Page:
THEORETICAL SUBSTANTIATION OF THE PHYSICAL MECHANISM OF ULTRASONIC CAVITATION DESTRUCTION OF MACROMOLECULES

R.N. Golykh, V.N. Khmelev, V.D. Minakov, I.A. Manyakhin, D.A. Ilchenko
DOI: 10.25699/SSSB.2021.40.6.043 Download PDF
Abstract: A promising area of research that can potentially serve as a basis for creating an effective technology for controlling the properties of polymers is the effect of mechanical oscillatory disturbances on a high–molecular medium. In real uncured polymers, mechanical oscillatory disturbances, as a rule, represent a cavitation-acoustic effect, i.e. linear sinusoidal vibrations created in the medium initiate a secondary phenomenon - cavitation bubbles. Bubbles under cavitation-acoustic action periodically expand and collapse, forming micro-shock waves. Thus, mechanical oscillatory disturbances have two components – linear sinusoidal and nonlinear shock wave. The main effect on the structure of polymers has a shock-wave component. To implement this process with maximum energy efficiency, it is necessary to identify optimal exposure modes. In order to identify optimal exposure modes, the article theoretically substantiates the physical mechanism of destruction of macromolecules based on their collision with a velocity exceeding the critical one due to the formation of extreme conditions for temperature and pressure in the vicinity of a collapsing cavitation bubble.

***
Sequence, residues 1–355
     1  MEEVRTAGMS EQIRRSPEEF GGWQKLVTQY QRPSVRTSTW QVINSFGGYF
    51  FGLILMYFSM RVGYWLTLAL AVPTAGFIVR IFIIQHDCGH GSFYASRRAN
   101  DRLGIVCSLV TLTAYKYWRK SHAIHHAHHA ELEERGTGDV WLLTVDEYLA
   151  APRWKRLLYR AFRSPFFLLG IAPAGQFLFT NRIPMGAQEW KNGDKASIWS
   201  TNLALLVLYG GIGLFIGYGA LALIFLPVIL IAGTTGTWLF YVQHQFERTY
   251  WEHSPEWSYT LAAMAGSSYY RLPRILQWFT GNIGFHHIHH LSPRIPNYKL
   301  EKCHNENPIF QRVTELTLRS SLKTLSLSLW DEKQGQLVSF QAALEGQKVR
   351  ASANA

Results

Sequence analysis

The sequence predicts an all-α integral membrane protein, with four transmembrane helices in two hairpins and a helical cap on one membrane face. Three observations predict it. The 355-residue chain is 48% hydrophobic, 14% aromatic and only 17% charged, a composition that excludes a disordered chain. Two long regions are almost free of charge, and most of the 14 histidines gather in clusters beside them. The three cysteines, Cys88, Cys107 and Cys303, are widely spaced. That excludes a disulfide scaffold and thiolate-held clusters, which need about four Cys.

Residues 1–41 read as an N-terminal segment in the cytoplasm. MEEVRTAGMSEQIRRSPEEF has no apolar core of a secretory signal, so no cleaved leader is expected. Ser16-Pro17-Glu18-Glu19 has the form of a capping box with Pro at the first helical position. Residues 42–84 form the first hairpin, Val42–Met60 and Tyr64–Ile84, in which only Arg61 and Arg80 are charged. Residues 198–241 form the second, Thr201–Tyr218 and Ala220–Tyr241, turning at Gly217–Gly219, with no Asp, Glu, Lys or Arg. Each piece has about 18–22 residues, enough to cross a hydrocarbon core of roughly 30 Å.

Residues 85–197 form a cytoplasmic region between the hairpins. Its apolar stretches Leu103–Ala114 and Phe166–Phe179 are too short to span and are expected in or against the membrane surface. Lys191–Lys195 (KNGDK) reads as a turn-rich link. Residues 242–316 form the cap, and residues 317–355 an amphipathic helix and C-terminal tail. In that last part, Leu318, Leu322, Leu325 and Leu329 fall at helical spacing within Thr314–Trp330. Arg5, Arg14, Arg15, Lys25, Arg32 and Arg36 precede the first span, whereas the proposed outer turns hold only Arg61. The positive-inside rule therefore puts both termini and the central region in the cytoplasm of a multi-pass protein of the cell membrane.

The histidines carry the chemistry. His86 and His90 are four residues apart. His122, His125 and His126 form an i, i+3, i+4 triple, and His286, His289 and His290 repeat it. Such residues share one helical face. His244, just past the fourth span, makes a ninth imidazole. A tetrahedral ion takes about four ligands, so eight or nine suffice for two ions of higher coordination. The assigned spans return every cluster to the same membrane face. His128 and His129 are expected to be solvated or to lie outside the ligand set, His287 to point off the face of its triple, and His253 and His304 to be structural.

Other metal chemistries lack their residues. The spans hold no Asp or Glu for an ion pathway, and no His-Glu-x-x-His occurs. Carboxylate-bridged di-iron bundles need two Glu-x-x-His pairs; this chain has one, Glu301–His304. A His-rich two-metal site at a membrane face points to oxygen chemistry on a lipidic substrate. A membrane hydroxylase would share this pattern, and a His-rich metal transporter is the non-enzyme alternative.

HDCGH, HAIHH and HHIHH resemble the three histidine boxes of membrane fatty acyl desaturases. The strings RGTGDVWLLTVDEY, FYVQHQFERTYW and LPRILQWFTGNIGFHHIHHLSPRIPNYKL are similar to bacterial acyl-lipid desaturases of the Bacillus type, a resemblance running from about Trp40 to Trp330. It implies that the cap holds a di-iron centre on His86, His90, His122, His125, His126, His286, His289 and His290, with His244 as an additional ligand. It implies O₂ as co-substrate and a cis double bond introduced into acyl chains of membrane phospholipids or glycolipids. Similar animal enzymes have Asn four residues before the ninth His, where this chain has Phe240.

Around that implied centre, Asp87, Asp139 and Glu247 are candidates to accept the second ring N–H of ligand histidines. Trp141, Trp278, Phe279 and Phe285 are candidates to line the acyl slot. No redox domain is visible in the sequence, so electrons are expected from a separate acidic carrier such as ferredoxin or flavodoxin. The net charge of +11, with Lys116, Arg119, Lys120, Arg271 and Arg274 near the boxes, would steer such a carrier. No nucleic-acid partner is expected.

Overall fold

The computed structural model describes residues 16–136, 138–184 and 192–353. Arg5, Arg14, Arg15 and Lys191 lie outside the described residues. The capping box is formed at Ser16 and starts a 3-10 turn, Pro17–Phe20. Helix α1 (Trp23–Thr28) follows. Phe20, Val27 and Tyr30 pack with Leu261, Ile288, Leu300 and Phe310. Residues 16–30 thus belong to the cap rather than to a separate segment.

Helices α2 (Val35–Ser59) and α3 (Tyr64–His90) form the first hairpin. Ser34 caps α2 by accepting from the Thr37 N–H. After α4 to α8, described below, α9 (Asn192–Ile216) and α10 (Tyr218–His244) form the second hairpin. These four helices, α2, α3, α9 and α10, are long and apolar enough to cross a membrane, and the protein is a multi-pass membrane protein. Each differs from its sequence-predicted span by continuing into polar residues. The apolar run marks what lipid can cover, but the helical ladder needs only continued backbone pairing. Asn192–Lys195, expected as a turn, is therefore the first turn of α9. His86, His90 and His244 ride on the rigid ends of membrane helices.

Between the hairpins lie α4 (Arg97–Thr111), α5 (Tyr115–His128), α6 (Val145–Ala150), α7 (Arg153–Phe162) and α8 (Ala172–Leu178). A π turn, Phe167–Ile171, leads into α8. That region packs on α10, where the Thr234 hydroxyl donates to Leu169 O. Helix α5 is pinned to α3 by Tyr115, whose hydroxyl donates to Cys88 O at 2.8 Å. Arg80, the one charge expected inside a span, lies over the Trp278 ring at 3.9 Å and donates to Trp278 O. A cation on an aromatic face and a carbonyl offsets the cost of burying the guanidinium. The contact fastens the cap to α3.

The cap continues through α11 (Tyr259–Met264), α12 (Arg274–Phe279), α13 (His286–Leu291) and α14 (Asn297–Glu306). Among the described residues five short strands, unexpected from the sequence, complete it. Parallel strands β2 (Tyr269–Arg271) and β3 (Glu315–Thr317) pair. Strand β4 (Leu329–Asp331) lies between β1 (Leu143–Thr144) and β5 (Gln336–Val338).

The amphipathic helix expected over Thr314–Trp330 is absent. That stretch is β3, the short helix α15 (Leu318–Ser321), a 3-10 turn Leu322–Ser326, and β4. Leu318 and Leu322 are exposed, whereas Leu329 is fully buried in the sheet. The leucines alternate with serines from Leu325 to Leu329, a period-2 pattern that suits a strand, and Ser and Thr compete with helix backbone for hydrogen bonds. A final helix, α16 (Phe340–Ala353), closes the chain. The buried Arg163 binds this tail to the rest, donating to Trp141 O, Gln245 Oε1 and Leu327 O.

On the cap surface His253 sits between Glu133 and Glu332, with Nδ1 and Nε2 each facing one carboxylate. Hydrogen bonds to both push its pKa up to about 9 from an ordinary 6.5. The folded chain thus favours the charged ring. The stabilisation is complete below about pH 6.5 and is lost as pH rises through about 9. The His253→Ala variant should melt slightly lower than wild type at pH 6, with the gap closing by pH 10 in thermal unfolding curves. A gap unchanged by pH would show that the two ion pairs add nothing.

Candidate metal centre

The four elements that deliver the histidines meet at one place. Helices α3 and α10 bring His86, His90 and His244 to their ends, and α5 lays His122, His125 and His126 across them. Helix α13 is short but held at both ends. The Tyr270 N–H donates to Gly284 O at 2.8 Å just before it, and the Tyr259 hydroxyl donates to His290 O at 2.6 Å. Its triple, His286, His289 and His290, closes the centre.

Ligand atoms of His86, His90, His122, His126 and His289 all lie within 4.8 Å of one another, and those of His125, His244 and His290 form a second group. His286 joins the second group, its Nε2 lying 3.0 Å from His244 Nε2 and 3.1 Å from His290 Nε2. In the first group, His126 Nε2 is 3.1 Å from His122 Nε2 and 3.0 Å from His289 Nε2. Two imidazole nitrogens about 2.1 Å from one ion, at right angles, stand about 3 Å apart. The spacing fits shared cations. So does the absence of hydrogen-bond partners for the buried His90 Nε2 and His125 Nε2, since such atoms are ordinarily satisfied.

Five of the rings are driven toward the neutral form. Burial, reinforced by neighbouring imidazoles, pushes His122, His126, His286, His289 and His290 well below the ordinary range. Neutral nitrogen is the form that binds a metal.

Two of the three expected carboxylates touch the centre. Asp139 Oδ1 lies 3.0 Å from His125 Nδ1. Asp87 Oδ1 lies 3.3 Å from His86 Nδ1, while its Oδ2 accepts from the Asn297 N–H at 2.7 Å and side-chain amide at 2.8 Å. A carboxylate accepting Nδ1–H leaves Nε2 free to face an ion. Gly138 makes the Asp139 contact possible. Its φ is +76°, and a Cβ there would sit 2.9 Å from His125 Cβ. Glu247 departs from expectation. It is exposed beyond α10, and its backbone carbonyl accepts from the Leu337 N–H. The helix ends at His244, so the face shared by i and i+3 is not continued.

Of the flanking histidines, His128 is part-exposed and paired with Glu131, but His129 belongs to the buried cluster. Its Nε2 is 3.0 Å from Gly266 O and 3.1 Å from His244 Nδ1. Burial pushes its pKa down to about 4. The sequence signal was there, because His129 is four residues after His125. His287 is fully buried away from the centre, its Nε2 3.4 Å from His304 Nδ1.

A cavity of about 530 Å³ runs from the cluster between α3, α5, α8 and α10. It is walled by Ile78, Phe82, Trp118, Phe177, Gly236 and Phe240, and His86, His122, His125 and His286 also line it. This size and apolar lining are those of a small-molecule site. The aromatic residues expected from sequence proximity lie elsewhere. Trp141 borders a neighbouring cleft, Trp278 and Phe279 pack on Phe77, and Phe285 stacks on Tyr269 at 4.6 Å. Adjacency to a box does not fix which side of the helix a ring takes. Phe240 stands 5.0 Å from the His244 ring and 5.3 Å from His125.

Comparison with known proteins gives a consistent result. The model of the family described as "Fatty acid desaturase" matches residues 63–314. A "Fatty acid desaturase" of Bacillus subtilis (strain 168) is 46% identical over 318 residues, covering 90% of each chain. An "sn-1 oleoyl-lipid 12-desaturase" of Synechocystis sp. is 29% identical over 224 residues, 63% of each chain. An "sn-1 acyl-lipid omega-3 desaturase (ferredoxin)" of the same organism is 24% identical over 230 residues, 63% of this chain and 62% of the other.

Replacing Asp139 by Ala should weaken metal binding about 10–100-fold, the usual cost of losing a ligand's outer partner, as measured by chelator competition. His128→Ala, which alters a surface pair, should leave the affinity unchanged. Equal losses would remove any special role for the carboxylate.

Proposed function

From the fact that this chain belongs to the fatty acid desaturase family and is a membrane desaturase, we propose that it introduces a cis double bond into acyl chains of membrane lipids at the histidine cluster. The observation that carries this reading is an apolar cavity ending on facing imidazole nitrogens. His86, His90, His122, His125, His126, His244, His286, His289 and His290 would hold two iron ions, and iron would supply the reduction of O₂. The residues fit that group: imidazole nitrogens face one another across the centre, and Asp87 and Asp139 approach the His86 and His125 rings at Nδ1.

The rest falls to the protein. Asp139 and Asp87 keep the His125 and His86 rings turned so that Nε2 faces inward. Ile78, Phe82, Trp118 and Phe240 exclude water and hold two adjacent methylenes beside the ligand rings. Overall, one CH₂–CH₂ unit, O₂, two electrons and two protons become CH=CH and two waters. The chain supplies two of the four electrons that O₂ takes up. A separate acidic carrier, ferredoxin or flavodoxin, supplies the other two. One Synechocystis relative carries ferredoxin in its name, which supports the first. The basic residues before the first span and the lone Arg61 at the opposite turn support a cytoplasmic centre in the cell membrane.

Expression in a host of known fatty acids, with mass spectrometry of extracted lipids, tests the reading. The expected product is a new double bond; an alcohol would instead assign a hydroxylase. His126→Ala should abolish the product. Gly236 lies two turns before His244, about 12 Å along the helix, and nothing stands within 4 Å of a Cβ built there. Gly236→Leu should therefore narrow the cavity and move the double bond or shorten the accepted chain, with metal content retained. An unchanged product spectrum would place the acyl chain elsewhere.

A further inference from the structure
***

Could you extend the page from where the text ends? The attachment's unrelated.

Index terms: macromolecule, breakup, cavitation.

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